The recommendations from a task force of federal officials headed by Vice President Joe Biden include publicizing enforcement data, issuing guidelines about confidentiality, and requiring colleges and universities to survey students on their experiences with sexual assault.
Three senior White House officials, who briefed the media in advance of the announcement, said that 1 in 5 women is sexually assaulted while in college, usually in the first two years and usually by someone she knows. The Obama administration, they said, is committed to ending that violence.
“Colleges and universities need to face the facts about sexual assault,” Biden said in a statement Monday night. “No more turning a blind eye or pretending it doesn’t exist. … And we need to bring the perpetrators to justice.”
The actions, to be officially announced Tuesday afternoon at the White House, include:
Colleges and universities will be asked to survey students next year to determine the prevalence of sexual assault on campus and may be required to conduct such a survey in 2016.
A website, NotAlone.gov, will be unveiled to make each school’s enforcement data public, and to publish information about student rights and resources.
The federal Centers for Disease Control and Prevention will release recommendations on how to prevent sexual violence, particularly on how to get bystanders to step in when students are at risk of assault.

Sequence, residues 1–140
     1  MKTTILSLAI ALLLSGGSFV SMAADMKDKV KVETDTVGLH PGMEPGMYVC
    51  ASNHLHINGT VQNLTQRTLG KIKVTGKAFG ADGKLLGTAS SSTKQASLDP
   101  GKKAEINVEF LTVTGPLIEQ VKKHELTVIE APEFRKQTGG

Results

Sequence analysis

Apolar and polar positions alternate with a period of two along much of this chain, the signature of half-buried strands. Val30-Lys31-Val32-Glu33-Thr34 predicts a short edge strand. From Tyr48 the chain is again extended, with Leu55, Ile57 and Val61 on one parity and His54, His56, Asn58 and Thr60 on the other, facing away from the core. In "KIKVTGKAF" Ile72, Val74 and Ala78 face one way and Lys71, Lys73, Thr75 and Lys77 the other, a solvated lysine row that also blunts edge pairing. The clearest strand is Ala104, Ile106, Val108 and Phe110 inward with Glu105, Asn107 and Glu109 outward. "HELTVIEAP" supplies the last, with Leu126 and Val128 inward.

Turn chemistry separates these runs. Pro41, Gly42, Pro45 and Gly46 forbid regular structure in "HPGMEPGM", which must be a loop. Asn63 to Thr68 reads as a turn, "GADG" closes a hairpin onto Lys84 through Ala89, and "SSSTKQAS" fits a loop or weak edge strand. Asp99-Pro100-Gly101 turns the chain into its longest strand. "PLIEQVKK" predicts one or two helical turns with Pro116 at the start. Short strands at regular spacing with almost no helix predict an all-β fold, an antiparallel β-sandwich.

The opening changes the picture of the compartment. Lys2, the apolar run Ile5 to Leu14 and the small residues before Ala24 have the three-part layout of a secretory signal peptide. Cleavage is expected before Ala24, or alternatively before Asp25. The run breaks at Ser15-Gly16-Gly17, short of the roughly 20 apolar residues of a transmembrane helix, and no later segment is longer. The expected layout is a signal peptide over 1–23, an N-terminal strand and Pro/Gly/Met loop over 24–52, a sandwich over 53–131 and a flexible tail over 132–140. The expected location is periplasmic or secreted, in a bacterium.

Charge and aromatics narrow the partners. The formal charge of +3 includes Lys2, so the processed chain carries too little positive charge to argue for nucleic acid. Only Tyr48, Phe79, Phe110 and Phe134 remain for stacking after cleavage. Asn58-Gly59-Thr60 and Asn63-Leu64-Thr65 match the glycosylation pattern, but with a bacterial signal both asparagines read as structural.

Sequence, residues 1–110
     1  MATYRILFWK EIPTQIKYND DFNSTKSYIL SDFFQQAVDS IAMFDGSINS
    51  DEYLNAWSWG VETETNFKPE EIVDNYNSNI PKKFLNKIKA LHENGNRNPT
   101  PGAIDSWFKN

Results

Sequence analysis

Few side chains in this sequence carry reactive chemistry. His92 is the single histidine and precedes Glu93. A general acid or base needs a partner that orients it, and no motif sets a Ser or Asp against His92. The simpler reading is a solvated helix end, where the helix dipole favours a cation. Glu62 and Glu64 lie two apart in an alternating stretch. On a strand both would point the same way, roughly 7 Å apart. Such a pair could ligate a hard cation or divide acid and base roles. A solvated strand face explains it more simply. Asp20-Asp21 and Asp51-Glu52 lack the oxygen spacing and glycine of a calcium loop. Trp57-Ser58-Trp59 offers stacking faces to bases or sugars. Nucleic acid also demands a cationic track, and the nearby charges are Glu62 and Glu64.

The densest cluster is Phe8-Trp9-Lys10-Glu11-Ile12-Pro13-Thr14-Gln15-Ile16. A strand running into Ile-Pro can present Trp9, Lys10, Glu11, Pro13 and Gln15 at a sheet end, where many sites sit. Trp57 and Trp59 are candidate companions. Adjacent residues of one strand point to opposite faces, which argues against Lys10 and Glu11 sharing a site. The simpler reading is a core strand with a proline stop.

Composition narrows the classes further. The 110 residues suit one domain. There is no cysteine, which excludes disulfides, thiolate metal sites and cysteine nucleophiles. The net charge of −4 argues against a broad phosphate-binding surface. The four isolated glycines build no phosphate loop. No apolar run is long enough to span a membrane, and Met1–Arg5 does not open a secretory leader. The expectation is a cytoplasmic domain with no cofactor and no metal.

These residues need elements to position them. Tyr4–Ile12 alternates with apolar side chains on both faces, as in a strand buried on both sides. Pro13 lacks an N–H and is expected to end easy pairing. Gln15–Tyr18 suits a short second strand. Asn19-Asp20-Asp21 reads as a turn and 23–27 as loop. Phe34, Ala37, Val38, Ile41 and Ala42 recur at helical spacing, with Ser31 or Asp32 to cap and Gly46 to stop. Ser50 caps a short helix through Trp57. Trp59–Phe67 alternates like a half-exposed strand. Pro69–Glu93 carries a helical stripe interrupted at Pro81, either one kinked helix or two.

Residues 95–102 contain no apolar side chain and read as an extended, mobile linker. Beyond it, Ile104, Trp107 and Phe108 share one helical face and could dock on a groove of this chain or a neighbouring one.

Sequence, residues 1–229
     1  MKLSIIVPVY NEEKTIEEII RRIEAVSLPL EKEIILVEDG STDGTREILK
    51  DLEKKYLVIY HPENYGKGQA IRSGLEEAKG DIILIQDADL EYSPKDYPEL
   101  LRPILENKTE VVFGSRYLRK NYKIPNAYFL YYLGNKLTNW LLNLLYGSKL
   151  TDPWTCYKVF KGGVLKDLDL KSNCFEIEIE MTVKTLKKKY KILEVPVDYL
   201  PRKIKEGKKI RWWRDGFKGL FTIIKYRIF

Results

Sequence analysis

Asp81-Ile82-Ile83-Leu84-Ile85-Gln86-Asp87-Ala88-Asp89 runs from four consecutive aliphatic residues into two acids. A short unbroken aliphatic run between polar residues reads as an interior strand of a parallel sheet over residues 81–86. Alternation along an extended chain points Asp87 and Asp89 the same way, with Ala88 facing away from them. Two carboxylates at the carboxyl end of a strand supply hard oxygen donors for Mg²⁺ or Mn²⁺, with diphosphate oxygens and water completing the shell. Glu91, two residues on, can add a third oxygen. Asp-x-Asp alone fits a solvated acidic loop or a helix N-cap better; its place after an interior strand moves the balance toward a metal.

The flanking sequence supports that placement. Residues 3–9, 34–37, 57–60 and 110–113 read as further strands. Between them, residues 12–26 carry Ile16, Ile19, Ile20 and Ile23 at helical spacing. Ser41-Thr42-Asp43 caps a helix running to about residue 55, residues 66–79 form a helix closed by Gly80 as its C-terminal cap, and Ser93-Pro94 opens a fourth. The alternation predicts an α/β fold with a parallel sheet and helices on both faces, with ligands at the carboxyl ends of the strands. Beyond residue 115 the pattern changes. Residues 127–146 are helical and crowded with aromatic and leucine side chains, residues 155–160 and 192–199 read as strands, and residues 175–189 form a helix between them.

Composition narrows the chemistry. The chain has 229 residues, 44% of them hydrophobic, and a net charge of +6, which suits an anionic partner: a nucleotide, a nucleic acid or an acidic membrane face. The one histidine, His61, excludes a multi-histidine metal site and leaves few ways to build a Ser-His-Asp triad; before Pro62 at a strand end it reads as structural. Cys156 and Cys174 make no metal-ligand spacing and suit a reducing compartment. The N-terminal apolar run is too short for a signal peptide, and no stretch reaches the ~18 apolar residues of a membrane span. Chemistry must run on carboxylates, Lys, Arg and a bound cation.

The federal government will also address the touchy issue of confidentiality. Often victims ask that their names not be revealed to their attackers or the police, putting campus authorities in a bind in conducting investigations. The government will clarify that students can talk to certain guidance counselors in confidence and will issue guidelines on how to deal with confidentiality in resolving reports of violence.
Schools will be asked to improve their investigative and adjudicative procedures under guidance from the Justice Department.
New guidance will be issued making clear that questions about a victim’s sexual history should not be permitted during school hearings and that a previous sexual relationship does not imply consent.
President Obama appointed the task force in January with a mandate to report back in 90 days. The departments of Justice, Defense, Education, and Health and Human Services participated.
Campus authorities are often the first to investigate allegations of sexual assaults between students. Federal law requires detailed reporting of campus crime statistics and security problems, and also mandates extensive prevention and awareness programs.